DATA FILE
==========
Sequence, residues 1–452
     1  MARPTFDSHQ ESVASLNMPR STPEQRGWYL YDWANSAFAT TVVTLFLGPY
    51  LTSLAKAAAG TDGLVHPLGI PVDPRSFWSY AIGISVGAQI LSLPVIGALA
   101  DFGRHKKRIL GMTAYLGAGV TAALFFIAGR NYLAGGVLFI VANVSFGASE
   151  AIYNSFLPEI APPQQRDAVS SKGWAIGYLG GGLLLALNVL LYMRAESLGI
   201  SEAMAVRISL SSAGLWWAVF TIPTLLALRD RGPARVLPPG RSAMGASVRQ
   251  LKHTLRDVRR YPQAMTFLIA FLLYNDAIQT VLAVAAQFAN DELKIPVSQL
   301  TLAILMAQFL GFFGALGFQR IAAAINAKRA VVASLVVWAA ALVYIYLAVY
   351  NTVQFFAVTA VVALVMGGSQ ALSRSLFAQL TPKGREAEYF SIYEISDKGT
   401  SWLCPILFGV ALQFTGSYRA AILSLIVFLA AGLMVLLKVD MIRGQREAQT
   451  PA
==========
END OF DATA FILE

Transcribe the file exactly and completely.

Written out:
Sequence, residues 1–452
     1  MARPTFDSHQ ESVASLNMPR STPEQRGWYL YDWANSAFAT TVVTLFLGPY
    51  LTSLAKAAAG TDGLVHPLGI PVDPRSFWSY AIGISVGAQI LSLPVIGALA
   101  DFGRHKKRIL GMTAYLGAGV TAALFFIAGR NYLAGGVLFI VANVSFGASE
   151  AIYNSFLPEI APPQQRDAVS SKGWAIGYLG GGLLLALNVL LYMRAESLGI
   201  SEAMAVRISL SSAGLWWAVF TIPTLLALRD RGPARVLPPG RSAMGASVRQ
   251  LKHTLRDVRR YPQAMTFLIA FLLYNDAIQT VLAVAAQFAN DELKIPVSQL
   301  TLAILMAQFL GFFGALGFQR IAAAINAKRA VVASLVVWAA ALVYIYLAVY
   351  NTVQFFAVTA VVALVMGGSQ ALSRSLFAQL TPKGREAEYF SIYEISDKGT
   401  SWLCPILFGV ALQFTGSYRA AILSLIVFLA AGLMVLLKVD MIRGQREAQT
   451  PA